Background: Positron emission tomography/magnetic resonance imaging (PET/MRI) is a promising diagnostic imaging tool for the diagnosis of dementia, as PET can add complementary information to the routine imaging examination with MRI. The purpose of this study was to evaluate the influence of MRI-based attenuation correction (MRAC) on diagnostic assessment of dementia with [F]FDG PET. Quantitative differences in both [F]FDG uptake and z-scores were calculated for three clinically available (DixonNoBone, DixonBone, UTE) and two research MRAC methods (UCL, DeepUTE) compared to CT-based AC (CTAC). Furthermore, diagnoses based on visual evaluations were made by three nuclear medicine physicians and one neuroradiologist (PET, PET, PET, PET, PET + MRI, PET + MRI). In addition, pons and cerebellum were compared as reference regions for normalization.

Results: The mean absolute difference in z-scores were smallest between MRAC and CTAC with cerebellum as reference region: 0.15 ± 0.11 σ (DeepUTE), 0.15 ± 0.12 σ (UCL), 0.23 ± 0.20 σ (DixonBone), 0.32 ± 0.28 σ (DixonNoBone), and 0.54 ± 0.40 σ (UTE). In the visual evaluation, the diagnoses agreed with PET in 74% (PET), 67% (PET), and 70% (PET) of the patients, while PET + MRI agreed with PET + MRI in 89% of the patients.

Conclusion: The MRAC research methods performed close to that of CTAC in the quantitative evaluation of [F]FDG uptake and z-scores. Among the clinically implemented MRAC methods, Dixon should be preferred for diagnostic assessment of dementia with [F]FDG PET/MRI. However, as artifacts occur in Dixon attenuation maps, they must be visually inspected to assure proper quantification.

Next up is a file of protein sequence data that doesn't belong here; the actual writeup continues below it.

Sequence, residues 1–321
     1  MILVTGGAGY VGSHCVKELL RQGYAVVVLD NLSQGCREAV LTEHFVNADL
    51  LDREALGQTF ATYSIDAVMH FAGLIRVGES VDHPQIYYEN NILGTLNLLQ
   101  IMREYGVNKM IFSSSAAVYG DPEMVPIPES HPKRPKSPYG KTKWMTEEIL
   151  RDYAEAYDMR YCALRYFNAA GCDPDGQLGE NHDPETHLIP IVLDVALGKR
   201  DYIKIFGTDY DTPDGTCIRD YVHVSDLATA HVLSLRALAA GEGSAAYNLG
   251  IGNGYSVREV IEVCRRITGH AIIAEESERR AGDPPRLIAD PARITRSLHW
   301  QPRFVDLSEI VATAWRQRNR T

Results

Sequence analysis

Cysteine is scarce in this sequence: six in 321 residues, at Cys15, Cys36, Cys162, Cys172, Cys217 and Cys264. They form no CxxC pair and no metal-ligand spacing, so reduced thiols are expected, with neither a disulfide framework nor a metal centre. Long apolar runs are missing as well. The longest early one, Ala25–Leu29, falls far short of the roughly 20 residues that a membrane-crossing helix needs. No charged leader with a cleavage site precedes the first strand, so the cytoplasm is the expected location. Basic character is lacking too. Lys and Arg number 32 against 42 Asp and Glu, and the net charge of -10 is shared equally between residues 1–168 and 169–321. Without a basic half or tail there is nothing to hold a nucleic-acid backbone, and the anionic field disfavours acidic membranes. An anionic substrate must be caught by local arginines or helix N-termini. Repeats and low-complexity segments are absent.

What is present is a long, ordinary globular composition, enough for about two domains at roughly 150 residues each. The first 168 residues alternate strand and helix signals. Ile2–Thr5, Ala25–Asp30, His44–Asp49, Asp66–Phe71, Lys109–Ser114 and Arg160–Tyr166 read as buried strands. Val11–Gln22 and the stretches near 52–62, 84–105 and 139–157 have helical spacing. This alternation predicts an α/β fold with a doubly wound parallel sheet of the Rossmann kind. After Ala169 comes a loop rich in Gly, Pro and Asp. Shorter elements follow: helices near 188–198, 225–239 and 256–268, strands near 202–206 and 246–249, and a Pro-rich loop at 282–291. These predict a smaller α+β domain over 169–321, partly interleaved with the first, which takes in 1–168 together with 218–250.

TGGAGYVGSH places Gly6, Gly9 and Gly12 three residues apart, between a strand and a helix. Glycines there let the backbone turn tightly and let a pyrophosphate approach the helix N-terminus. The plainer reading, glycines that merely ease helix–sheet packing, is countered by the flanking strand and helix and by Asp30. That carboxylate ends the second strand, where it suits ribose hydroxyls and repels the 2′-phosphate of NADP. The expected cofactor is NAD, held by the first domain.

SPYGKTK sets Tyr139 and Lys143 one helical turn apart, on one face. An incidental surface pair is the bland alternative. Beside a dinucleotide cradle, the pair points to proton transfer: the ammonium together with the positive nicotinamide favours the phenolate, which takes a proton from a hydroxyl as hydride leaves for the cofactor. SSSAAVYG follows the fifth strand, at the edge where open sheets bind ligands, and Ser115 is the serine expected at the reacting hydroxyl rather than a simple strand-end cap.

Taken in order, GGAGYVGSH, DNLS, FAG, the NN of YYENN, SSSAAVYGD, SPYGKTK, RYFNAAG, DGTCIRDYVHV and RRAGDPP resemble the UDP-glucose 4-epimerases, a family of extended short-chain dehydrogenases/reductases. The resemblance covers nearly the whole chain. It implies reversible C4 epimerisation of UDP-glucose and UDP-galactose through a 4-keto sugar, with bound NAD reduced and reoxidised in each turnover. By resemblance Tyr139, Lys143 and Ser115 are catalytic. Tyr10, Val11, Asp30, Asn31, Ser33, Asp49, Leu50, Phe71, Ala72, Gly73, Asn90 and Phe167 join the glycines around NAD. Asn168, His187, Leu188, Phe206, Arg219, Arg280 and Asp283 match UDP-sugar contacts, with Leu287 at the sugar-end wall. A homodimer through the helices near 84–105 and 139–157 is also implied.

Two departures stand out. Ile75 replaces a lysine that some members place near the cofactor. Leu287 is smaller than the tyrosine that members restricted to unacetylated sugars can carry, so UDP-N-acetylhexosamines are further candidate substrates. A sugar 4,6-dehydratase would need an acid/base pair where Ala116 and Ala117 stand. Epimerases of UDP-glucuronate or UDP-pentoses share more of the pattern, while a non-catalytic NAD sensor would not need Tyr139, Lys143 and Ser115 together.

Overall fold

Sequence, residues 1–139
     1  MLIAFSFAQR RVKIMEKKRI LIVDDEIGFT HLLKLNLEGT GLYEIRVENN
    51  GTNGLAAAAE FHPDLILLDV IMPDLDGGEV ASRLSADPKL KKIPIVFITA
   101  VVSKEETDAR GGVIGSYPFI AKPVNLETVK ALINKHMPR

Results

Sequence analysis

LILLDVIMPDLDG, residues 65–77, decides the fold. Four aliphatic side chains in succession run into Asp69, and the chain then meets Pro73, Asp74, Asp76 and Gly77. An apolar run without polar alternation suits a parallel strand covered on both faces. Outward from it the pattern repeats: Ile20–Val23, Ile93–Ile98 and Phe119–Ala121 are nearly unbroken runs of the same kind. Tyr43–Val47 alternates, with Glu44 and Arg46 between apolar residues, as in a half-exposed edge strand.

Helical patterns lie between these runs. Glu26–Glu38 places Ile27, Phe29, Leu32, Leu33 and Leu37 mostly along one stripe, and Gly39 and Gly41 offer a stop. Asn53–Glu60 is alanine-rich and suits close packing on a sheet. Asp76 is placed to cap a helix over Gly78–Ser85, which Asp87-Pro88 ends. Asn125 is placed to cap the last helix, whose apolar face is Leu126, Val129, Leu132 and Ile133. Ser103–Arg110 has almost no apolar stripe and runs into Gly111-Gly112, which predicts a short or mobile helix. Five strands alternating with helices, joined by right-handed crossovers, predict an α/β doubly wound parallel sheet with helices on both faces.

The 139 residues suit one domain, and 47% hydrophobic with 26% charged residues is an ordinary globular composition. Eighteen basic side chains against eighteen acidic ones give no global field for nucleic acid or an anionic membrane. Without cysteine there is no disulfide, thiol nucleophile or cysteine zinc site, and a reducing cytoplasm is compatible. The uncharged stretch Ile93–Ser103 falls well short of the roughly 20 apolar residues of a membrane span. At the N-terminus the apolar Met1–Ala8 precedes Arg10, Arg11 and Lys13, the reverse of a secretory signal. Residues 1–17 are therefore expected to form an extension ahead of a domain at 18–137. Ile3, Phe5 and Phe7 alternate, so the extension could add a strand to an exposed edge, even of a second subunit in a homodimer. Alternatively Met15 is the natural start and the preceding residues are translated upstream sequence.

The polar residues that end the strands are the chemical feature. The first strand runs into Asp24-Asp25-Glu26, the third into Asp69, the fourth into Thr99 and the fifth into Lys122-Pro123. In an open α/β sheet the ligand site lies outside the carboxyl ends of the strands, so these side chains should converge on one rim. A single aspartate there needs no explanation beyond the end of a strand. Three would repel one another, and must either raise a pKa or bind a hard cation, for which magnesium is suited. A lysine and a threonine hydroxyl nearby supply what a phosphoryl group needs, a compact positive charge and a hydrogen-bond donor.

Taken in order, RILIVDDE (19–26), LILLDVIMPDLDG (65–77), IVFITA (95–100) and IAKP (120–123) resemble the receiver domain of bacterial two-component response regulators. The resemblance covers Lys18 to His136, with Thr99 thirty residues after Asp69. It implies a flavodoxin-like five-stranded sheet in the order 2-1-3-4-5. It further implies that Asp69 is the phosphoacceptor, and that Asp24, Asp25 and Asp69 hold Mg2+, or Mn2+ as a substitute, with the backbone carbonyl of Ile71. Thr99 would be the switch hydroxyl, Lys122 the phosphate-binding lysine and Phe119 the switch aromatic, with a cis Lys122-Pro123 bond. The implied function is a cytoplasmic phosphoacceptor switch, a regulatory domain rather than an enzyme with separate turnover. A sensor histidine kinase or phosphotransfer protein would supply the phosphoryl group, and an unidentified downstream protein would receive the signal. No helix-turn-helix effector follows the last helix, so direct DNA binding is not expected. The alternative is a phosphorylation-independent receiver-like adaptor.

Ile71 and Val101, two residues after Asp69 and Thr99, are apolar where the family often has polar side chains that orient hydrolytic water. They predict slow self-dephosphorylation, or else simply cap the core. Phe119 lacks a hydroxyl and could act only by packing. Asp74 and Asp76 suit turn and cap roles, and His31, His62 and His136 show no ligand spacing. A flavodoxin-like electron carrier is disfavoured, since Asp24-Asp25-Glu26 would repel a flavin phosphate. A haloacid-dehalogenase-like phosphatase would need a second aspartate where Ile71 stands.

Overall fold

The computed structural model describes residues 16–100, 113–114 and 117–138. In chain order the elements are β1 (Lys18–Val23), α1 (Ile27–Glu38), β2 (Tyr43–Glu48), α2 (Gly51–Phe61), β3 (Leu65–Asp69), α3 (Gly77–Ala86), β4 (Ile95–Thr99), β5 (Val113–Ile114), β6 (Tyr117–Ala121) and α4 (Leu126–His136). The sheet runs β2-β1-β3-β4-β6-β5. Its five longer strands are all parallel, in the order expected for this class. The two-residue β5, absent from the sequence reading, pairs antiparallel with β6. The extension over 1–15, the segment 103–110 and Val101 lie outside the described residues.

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http://dx.doi.org/10.1186/s13550-019-0553-2DOI Listing
http://www.ncbi.nlm.nih.gov/pmc/articles/PMC6708519PMC
August 2019

Does inflammation precede tau aggregation in early Alzheimer's disease? A PET study.

Neurobiol Dis 2018 09 11;117:211-216. Epub 2018 Jun 11.

Department of Nuclear Medicine and PET Centre, Aarhus University Hospital, Aarhus, Denmark; Division of Neuroscience, Newcastle University, Newcastle, UK.

Objective: Our aim was to assess with positron emission tomography (PET) the temporal and spatial inter-relationships between levels of cortical microglial activation and the aggregated amyloid-β and tau load in mild cognitive impairment (MCI) and early Alzheimer's disease (AD).

Methods: Six clinically probable AD and 20 MCI subjects had inflammation (C-(R)-PK11195), amyloid (C-PiB) and tau (F-flortaucipir) PET, magnetic resonance imaging (MRI) and a neuropsychological assessment. Parametric images of tracer binding were interrogated at a voxel level and by region of interest analyses.

Results: 55% of MCI and 83% of AD subjects had a high amyloid-β load. We have previously reported that clusters of correlated amyloid and inflammation levels are present in cortex. Here we found no correlation between levels of inflammation (C-(R)-PK11195 BP) and tau (F-flortaucipir SUVR) or MMSE scores in high amyloid-β cases.